8. I have the right to be assessed with technology. I love the instant feedback of testing done technology. I live in a world of instant feedback, so to find out a couple of weeks later that I didn’t understand your lesson, drive me crazy. If you were a video game, no one would play you — your feedback is too slow.
  9. I have the right to be protected from technology. I don’t want to be cyberbullied, hurt, scared or find crud online that I would rather not find. Please help me use technology responsibly and safely. Please stay up-to-date with this kind of information, and teach me to make good choices. I am not you and we don’t see eye to eye about what to put online, but help me to meet you in the middle.
  10. I have the right to be taught by teachers that know their trade. They are passionate about what they do and embrace the use of technology to help me learn. They attend trainings and practice what they learn. They are not afraid to ask for my help; they might know more than me about the Civil War, but I know Glogster like nobody’s business.

This is a work in progress, please comment below on what to add or change.

- Brad Flickinger, Tech Teacher, Bethke Elementary

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12 Comments

  1. Excellent list! I will be sure to take this back to my building after winter break!

  2. Hi there
    I love your list – especially items 3, 4 and 8. These particular ones have irked me for some time now – so i am grateful that you included them in your list.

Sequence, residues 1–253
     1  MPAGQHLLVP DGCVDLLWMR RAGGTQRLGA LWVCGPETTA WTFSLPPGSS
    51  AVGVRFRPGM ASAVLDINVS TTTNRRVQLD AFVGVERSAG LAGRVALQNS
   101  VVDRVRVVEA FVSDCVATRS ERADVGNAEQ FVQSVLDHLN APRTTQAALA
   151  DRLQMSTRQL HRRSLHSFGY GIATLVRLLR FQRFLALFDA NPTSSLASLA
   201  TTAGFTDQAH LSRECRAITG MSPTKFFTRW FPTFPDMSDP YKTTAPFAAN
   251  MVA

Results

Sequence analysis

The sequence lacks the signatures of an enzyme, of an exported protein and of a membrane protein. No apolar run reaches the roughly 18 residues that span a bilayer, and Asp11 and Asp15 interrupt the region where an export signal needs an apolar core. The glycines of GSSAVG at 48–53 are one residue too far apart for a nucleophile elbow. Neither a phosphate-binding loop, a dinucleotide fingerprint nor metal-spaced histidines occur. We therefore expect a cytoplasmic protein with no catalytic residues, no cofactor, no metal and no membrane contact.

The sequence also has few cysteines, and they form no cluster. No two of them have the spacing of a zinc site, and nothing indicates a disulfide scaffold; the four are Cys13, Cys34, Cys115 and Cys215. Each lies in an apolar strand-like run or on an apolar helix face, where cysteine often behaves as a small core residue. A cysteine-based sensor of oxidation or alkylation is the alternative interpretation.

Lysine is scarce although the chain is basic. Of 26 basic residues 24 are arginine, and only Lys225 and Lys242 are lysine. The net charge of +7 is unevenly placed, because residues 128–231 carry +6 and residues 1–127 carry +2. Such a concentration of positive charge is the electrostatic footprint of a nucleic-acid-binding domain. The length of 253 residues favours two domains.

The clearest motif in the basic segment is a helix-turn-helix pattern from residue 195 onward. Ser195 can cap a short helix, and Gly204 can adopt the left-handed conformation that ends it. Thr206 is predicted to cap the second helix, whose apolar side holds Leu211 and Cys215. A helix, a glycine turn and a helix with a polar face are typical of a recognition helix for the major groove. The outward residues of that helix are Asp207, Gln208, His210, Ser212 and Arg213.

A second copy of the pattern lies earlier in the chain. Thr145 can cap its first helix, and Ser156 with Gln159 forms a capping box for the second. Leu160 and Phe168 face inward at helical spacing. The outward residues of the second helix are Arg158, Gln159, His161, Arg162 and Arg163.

re # 8: I think you meant to write assessed and I couldn’t agree more – feedback that is timely, descriptive, and provides opportunities for students to use the feedback to improve is critical to learning!

    re #10 or perhaps 10a or #11? I have the right to learn from my peers and to teach my teacher about technology as it is impossible for any one person to stay ahead of the curve. I have the right to bring in new tools, apps or ideas and do not need to wait for the teacher to do so…..

    Thanks for the list and your thoughts.

  3. Great list! I actually do not use Wikipedia, though I do allow students to use it. I first make sure they have read Wikipedia’s own statement of accuracy (Users should be aware that not all articles are of encyclopedic quality from the start: they may contain false or debatable information.) I prefer if they perform searches using :.edu, but I agree – students are using it, so why not learn to use it responsibly!